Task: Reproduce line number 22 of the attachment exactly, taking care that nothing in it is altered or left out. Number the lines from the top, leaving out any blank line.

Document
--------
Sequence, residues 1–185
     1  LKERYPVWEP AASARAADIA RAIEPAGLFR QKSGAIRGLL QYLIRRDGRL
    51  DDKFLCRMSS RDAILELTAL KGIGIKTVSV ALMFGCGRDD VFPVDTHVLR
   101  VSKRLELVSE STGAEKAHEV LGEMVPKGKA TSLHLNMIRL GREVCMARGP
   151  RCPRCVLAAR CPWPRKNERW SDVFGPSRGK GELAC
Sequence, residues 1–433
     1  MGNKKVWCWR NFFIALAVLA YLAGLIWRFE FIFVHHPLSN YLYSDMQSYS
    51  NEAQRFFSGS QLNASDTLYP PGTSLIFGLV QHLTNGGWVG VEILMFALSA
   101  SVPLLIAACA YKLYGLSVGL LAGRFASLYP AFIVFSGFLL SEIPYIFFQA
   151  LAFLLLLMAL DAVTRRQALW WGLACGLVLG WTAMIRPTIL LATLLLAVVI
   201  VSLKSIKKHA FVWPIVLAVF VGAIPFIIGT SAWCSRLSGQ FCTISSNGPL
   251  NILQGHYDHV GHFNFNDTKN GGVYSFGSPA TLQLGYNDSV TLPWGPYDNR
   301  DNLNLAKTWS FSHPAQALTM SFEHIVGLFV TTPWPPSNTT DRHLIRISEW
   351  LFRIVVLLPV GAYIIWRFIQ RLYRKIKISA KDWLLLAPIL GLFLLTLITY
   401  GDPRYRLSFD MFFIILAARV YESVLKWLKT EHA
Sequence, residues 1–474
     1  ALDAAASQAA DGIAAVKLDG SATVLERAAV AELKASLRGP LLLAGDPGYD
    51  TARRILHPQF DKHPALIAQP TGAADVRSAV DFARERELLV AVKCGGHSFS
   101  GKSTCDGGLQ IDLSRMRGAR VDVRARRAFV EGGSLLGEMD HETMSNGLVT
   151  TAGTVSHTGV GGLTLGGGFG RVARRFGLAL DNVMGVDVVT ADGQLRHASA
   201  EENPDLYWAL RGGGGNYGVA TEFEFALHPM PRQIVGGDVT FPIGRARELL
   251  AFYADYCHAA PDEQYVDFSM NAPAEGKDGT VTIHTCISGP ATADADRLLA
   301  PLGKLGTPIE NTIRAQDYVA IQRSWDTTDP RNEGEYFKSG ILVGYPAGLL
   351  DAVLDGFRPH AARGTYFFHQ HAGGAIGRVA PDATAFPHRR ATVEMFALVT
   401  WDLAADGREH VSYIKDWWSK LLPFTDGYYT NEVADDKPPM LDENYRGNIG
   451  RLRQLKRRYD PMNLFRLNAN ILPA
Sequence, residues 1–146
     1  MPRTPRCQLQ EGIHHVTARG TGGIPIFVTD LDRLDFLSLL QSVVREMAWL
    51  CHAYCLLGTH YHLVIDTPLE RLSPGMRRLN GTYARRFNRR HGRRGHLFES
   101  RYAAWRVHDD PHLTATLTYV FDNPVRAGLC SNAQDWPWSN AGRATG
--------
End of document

   251  AFYADYCHAA PDEQYVDFSM NAPAEGKDGT VTIHTCISGP ATADADRLLA